What I mean is that you won’t be able to do any normal card tricks in which the spectator picks a card, the deck is shuffled, the card is found, etc. Although you potentially could, you will be severely limited, because most card tricks will destroy the stack.
How to Learn Mnemonica Stack
There are numerous ways to learn the Mnemonica stack order. Let’s look at some of them.
Juan Tamariz in his Mnemonica book, offers a solution that he gives to all his students. You will need to have the book to know his exact method, but it involves writing, a Mnemonica stack song and other techniques to solidify the order in the mind.
The way I learned it was initially through brute force memorization. But I had a little help though a free app on the Android phone at the time, a Mnemonica Stack Trainer. I don’t know what the status or availability of these apps are now, but you may be able to find one that you can at least pay a small amount for. I remember at the time, there were also apps available that you pay for.
I started out learning this order by breaking the card deck down into fourths, and memorizing the stack, 1/4 of the deck at a time.
What did that mean? I started by only allowing the app to show me the first 13 cards of the stack, and I went through those repeatedly in a random order until I knew them fairly well. Then I added the next 13 cards, so that I was working with the first 26 cards of the deck.
Once I felt comfortable with that, I moved up to the first 39 cards of the deck, and then to all 52.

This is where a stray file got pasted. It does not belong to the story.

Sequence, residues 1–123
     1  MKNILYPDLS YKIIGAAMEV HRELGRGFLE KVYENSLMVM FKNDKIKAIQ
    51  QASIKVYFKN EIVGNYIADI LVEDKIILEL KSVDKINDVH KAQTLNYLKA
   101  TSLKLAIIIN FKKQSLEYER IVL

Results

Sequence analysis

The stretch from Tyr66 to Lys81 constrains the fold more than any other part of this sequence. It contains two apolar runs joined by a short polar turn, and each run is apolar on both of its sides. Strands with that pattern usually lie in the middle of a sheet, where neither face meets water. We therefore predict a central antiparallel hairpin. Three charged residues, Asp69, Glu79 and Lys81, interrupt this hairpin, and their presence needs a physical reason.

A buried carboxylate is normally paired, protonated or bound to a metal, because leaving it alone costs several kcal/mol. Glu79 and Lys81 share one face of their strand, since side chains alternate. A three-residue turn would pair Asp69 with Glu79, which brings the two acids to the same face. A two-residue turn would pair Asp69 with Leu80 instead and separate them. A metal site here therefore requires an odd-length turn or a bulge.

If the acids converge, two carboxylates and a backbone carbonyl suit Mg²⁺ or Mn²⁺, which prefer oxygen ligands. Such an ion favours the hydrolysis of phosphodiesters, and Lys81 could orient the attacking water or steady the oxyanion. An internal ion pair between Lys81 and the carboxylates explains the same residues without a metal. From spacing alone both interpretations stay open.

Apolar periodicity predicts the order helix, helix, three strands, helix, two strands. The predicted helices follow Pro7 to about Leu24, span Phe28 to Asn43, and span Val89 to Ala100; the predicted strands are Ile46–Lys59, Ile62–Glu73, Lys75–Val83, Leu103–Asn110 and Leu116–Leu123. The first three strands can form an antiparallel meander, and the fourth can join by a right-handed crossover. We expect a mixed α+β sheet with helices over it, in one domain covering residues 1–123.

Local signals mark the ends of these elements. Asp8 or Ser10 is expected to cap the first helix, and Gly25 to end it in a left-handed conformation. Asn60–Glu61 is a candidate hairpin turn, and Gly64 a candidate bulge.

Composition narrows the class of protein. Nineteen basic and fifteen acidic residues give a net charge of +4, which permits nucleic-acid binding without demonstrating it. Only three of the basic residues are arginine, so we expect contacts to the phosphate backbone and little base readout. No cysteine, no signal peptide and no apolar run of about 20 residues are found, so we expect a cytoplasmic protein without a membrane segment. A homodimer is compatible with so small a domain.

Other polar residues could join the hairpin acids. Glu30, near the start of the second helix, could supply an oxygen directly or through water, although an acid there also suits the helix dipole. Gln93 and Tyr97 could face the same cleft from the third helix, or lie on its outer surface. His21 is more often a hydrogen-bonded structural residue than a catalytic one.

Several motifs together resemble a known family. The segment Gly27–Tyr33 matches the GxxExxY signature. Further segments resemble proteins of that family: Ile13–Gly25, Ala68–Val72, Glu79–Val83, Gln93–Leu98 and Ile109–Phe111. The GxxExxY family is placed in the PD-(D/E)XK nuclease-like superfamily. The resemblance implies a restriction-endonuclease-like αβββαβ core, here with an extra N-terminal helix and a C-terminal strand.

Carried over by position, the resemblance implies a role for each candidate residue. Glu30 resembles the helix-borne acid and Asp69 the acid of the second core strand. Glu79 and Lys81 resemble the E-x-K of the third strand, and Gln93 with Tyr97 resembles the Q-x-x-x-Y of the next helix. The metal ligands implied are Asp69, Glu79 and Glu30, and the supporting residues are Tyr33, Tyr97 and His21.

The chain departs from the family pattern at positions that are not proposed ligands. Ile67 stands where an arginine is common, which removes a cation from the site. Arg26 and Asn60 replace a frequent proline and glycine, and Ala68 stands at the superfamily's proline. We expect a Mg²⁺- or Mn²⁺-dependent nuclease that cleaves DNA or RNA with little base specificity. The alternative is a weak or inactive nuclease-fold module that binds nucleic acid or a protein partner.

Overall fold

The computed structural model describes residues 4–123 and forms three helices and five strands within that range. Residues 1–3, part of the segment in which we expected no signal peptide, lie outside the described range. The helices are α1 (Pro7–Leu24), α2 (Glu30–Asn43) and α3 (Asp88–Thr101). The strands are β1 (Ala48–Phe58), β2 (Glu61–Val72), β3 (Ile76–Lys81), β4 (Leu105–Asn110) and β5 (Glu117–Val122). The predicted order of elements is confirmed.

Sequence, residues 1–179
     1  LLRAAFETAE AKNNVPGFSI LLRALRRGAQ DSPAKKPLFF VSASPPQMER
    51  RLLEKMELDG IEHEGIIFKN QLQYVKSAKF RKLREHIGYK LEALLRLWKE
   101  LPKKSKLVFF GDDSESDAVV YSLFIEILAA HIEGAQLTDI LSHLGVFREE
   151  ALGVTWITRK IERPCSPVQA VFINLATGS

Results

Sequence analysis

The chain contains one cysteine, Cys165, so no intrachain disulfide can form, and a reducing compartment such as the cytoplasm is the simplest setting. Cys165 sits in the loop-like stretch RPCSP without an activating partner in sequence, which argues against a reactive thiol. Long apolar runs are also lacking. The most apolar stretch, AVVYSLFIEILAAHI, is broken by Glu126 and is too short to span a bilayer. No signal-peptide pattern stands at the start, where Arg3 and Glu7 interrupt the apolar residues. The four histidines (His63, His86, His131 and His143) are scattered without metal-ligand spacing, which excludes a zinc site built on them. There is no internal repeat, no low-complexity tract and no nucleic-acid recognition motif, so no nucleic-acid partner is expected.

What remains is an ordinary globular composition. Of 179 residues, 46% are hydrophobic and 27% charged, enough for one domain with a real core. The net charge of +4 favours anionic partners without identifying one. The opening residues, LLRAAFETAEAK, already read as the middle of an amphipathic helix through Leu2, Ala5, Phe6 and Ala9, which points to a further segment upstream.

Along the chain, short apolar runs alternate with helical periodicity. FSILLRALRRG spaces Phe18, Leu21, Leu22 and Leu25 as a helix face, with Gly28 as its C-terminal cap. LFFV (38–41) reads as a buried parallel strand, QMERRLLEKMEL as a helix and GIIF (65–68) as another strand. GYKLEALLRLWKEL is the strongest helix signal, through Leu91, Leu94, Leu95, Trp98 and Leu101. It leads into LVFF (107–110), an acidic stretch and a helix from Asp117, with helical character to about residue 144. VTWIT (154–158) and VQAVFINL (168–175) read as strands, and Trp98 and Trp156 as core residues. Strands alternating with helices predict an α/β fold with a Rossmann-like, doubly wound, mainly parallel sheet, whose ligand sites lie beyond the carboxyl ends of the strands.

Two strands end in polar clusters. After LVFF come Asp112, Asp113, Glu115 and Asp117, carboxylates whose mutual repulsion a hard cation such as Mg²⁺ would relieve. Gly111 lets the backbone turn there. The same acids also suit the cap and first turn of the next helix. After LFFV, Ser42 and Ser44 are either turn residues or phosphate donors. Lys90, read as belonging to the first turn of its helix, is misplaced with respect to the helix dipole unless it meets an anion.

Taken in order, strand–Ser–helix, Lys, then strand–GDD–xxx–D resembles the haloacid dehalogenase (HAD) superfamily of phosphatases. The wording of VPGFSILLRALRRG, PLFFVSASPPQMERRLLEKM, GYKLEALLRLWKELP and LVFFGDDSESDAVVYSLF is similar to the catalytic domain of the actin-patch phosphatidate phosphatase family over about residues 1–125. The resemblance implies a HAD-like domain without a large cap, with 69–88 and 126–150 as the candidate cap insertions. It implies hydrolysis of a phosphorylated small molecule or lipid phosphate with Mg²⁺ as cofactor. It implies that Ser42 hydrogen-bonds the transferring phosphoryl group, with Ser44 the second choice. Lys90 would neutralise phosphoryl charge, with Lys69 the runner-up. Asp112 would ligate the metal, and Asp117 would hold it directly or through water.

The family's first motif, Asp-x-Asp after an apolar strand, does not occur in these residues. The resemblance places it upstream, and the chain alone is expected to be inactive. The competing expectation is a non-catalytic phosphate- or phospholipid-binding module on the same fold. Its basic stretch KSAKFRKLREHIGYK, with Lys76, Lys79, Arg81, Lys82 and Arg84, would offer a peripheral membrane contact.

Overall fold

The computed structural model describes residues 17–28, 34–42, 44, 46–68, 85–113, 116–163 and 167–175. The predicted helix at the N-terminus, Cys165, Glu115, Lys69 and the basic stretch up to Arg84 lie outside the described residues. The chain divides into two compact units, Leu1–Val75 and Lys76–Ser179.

It was around this time though that I discovered another method that I was curious to explore. I was reading a book by another famous card magician Harry Lorayne, but not on magic, but on memorization. Harry Lorayne, even though he was a great card magician, he was also well known for his work on memorization and the power of the mind. Things like having a brain like a calculator and being able to memorize an entire room full of names.
Harry Lorayne had a system that you can read about in his book How to Develop a Super Power Memory, which was a Peg Memory System or Mnemonic Peg System. Basically, it was a way of assigning letters of the alphabet to numbers. So, every number can be converted into a simple word. And at the same time, he had a system for memorizing an entire deck of shuffled cards. This involved having a picture or object that is associated with every card in the deck, based on its suit and number. And you will have memorized what each word is for each card in the deck.
You could then combine both of these techniques together if you wanted to learn a stack such as Mnemonica, and be able to call cards without forgetting them. Basically, the way it would look like, is this.
If the following doesn’t make sense to you, don’t worry. I’m just giving a brief overview. I’m trying to explain what is explained in an entire book in only a couple of paragraphs.
So, the word associated with the number one is the word “tie”. This is because if you know the system, the consonant that is always represented by the number 1 is the letter T. So T by itself is closely related to the word for tie, which has no other consonants in it. You could also choose something which represents the number 1 or looks like the number 1 to you instead. It’s purely your choice. For example, you could use the word “pen”, since a pen looks like the number 1. It really doesn’t matter, as long as you have words that you remember and can recall.
Then you have to connect that word to the word that is related to the card you are trying to memorize. In the case of the number 1 in the Mnemonica stack, that would be the 4 of Clubs since that is the card at the 1st position in the stack. In Harry Lorayne’s system, for me the 4 of Clubs is related to the word “core”. At that point you want to exercise another memorization technique, which is to make an outlandish image in your mind to help you remember what you are trying to remember. So, I could remember something like the image of a tie wrapped around and being worn by an apple core.